As far as “new” for back to school goes, athletics is the attention grabber for Gadsden City Schools.
Behind the high school, students will now find onsite facilities for baseball, softball, soccer and tennis — welcome additions that will mean students can participate in those sports on campus.
That’s important, Superintendent Tony Reddick said, but the school system’s primary focus remains building the best learning environment for students, and ensuring they are ready for the game that awaits all students after school days end, whether it’s college or a career.
So while the system will be putting those fields to good use, Reddick said they will look at scheduling for high school and middle school students to give them more academic time.
Students are required to have one physical education credit in four years, he said, but, “We have kids who get eight (PE) credits.”
The system wants to go more towards academic credits. There are three ways students can get college and career ready, Reddick said — through the Work Keys test, achieving ACT benchmarks and through Career Tech classes.
“You cannot get college and career ready playing sports,” the superintendent said.
For younger students, the system used grant money received near the end of the last school year to bring academics into PE. At Floyd and Adams Elementary schools, new interactive gym equipment incorporates math and other academic skills into games. One such game calls on students to find the answer to a math problem, then toss a ball to hit the correct answer on a digitally projected gameboard.
Reddick acknowledged the challenge of preparing students for a future that is constantly under construction. He said there are estimates that 80% to 85% of the jobs in the next seven to 10 years have not been created yet.
“With our students being so proficient with technology,” he said, “they should be doing more than TikToking and YouTubeing.”
As a potential way to harness those interests in technology, Reddick said the system will offer graphic arts and video production studies. Courses need to make an effort to embrace that sort of thing, the superintendent said, adding that he’s seen some of the work, “and it’s good.”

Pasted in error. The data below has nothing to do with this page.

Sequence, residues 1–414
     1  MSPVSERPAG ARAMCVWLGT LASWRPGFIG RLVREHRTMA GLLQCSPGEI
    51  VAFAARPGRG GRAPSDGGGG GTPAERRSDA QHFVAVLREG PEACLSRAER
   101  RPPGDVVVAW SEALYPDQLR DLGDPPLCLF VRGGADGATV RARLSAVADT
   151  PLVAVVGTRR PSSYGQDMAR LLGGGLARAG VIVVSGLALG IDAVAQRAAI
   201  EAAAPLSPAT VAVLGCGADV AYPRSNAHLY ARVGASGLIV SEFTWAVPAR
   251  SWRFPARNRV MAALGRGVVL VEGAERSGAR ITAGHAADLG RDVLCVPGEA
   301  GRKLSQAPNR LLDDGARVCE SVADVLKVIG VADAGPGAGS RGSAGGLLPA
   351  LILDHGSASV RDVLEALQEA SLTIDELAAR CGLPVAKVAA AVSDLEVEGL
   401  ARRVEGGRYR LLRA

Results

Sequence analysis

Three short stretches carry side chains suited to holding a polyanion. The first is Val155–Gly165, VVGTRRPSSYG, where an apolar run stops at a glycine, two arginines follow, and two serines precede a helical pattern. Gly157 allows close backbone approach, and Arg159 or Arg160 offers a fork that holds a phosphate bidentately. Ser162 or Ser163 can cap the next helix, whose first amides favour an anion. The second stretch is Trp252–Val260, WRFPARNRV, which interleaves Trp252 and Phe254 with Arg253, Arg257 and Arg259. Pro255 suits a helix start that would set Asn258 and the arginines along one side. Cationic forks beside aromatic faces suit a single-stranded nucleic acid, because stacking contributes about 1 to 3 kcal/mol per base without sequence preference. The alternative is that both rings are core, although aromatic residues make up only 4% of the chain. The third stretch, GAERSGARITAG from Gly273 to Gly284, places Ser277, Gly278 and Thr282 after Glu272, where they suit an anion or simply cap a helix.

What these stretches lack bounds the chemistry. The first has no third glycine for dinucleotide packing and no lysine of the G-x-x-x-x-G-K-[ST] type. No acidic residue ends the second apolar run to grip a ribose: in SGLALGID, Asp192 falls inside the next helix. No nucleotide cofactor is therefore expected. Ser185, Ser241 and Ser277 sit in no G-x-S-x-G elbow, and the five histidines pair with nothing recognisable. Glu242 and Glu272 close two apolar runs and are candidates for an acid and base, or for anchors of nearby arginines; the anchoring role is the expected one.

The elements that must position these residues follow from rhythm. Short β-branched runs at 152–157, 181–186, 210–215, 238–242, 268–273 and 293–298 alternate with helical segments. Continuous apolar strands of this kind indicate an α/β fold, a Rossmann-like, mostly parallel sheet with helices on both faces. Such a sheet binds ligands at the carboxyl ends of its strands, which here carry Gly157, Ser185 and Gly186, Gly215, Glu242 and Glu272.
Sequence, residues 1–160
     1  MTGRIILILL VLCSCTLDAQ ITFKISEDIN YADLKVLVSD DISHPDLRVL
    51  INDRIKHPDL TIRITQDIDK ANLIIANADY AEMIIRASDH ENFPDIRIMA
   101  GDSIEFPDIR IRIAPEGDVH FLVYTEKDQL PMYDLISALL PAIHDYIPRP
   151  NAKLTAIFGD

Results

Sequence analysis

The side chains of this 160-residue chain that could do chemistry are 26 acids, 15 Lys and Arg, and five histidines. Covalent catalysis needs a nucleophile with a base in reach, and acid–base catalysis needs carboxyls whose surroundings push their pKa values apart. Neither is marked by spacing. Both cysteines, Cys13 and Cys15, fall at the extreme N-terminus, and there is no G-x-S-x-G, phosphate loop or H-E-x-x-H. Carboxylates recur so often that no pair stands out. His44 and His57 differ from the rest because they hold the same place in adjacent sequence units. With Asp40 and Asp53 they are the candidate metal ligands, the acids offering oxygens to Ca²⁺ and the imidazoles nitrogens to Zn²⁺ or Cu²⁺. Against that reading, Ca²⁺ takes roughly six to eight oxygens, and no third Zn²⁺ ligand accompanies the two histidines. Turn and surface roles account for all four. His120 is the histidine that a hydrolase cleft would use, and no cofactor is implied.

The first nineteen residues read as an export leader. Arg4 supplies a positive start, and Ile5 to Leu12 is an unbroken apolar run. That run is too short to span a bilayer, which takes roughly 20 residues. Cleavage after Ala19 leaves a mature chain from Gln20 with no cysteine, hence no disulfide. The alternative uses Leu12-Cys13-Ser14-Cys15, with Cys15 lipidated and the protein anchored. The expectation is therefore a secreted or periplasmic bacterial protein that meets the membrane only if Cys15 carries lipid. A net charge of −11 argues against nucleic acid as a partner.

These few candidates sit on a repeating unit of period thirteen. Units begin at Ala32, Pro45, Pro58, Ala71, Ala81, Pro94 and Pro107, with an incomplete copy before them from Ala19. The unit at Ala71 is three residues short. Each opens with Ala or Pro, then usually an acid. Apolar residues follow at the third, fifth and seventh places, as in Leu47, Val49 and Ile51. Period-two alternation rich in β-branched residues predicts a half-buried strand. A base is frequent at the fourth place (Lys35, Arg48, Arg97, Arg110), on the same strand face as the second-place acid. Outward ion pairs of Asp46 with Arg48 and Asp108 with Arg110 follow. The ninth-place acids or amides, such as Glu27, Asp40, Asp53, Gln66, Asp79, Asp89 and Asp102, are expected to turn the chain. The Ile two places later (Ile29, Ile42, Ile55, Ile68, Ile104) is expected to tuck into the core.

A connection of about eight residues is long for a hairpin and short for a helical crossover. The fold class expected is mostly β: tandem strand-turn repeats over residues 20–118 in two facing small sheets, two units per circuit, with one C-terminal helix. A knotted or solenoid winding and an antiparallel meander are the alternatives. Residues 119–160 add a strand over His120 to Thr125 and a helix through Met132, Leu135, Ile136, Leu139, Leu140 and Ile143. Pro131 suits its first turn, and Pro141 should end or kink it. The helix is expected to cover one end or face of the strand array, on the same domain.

Reddick said the system needs to offer enrichment to students in different areas, while giving a foundation in the basics — to meet the needs of the whole student. He said the system has a strong staff and strong support from the school board to do that.
Support is essential, and it can’t just come from schools. Reddick said strong support at home for students is essential. No matter what teachers and support staff do, they can’t get children to school on time, and that’s the most basic of things parents or guardians do to support their children’s education.
“Kids come to school late because they don’t drive,” Reddick said. “Do you penalize an elementary or middle school kid for being late? They’re at the mercy of whoever brings them to school.”
The students are penalized academically as it is, he said, by what they miss when they aren’t at school.
That need for support extends to the community — when people see school-age children walking around who should be in school, Reddick suggested asking why they aren’t in class.
Reddick said the system is currently looking at third-grade reading proficiency scores released a few weeks ago. System-wide, about 71% of Gadsden’s students were reading at or above grade level.
The schools with lower scores — only one had a score below 50% — are those that traditionally face challenges, the superintendent said, and demographics play a role. The schools with the lowest scores also have some of the highest numbers of students living in homes below the poverty level.
Also, about 20% of the student population are English language learners, which affects test scores.
Statewide, according to the state Department of Education, 78% of third-graders are reading at or above grade level.
Reddick said he’s heard critics of the Gadsden system who seek to compare it to systems like Hoover and Mountain Brook. He pointed out that the level of financial support for Gadsden schools is different than the support provided in those systems.
The system lost some of the funding it had received from the City of Gadsden in the most recent budget. “I guess they think we have enough,” Reddick said.
“It seems the City of Gadsden considers us an outside agency,” the superintendent said, when it comes to funding. “We’re an inside agency.”
Contact Gadsden Times reporter Donna Thornton at 256-393-3284 or [email protected]